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State of New Jersey v. Thomas Hoag


January 10, 2012


On appeal from the Superior Court of New Jersey, Law Division, Hudson County, Indictment No. 02-06-1004.

Per curiam.


Submitted September 27, 2011

Before Judges Reisner and Hayden.

Defendant Thomas Hoag appeals from the December 3, 2009 denial of his petition for post-conviction relief (PCR). Defendant claims that his trial counsel provided ineffective assistance in several instances, including pressuring him into pleading guilty, failing to challenge his co-defendant's statement, failing to file an appeal, and not arguing against his disparate and excessive sentence. For the reasons that follow, we affirm.

A grand jury indicted defendant for first-degree armed robbery, N.J.S.A. 2C:15-1, fourth-degree possession of an imitation firearm for an unlawful purpose, N.J.S.A. 2C:39-4e, and third-degree possession of a controlled dangerous substance, N.J.S.A. 2C:35-10(a)(1). As a result of plea negotiations, defendant entered into an agreement to plead guilty to the first-degree armed robbery charge and the State agreed that the remaining two charges would be dismissed. Pursuant to the agreement, at the sentencing the State could request a maximum sentence of twelve years with eighty-five percent parole ineligibility under the No Early Release Act (NERA), N.J.S.A. 2C:43-7.2, and defendant could argue for a lesser sentence.

On January 11, 2008, defendant appeared before Judge Theemling after he had completed the plea agreement forms, in which he expressed his understanding of his plea agreement and waived his right to trial. Testifying concerning the agreement, defendant affirmed that he had not been threatened or coerced to enter into it and that he had had enough time to review the case facts, police reports and statements with his attorney. He also averred that he understood the questions on the plea agreement forms, had sufficient time to review his answers with his attorney, and was satisfied with his attorney's legal representation.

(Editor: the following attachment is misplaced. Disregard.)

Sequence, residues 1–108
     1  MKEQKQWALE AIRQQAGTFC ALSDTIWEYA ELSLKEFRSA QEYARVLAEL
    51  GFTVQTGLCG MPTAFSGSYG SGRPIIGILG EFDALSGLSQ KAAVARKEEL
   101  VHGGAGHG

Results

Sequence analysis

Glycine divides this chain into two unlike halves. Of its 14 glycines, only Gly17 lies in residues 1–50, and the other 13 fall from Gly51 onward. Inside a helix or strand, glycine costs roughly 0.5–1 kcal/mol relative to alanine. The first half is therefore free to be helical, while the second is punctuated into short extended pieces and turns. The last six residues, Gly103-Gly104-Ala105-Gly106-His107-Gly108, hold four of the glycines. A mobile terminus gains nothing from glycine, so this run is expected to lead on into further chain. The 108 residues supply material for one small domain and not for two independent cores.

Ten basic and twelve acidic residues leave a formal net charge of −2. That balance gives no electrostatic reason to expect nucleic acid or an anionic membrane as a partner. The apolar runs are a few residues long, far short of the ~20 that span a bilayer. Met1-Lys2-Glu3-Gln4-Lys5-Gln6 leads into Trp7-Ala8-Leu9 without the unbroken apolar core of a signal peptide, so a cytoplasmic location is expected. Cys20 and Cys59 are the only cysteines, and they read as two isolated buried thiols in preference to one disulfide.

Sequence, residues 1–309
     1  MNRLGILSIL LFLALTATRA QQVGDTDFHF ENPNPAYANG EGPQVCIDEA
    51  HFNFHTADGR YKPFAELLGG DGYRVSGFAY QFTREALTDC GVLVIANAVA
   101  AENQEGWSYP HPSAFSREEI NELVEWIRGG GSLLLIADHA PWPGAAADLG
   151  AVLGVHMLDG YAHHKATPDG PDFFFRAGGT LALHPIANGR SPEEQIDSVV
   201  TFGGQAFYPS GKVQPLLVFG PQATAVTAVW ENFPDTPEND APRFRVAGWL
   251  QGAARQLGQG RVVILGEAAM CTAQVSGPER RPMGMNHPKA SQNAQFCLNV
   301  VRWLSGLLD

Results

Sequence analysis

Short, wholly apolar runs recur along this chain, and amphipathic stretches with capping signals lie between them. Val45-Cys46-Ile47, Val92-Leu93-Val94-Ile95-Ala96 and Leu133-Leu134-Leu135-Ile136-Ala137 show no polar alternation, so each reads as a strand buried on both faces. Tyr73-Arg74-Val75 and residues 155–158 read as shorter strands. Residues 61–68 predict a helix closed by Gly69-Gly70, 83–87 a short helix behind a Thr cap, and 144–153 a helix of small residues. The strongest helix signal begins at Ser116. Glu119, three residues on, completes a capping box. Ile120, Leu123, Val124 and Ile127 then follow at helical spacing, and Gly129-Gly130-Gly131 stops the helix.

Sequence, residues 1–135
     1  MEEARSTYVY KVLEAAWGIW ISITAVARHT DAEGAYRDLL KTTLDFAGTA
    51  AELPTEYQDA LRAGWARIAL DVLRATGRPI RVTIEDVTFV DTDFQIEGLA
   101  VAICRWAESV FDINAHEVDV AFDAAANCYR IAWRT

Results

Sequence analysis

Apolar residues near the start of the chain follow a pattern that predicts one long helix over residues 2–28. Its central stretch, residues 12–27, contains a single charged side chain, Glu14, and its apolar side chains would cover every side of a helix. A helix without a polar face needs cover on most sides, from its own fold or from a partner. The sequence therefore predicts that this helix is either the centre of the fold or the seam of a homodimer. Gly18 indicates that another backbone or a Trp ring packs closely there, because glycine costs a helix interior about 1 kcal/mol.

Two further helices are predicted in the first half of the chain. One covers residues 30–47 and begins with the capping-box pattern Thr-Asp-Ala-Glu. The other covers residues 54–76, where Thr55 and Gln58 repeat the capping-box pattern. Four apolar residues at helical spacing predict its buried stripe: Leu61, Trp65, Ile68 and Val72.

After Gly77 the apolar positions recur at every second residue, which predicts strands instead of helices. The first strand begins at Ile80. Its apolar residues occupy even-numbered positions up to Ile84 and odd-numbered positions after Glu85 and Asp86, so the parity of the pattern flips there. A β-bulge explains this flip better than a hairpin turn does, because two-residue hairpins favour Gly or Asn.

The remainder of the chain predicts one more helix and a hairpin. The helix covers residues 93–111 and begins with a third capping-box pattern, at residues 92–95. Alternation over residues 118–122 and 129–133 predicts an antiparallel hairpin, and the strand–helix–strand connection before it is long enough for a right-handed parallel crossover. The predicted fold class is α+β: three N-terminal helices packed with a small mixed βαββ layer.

In establishing the factual basis for his guilty plea, defendant admitted that he had forcibly taken drugs and money from the victim by use of a firearm. Next, Judge Theemling again asked defendant if he wished to plead guilty. Defendant acknowledged he did and, in answer to the judge's query, admitted that he was "actually guilty."

On February 22, 2008, the judge sentenced defendant to a term of twelve years with an eighty-five percent parole disqualifier under NERA. In asking for leniency, defendant stated, "I know I was wrong for what I did. I was under the influence and I know that's not an excuse for what I did. . . . I admit my wrongs and I apologize for what I did wrong."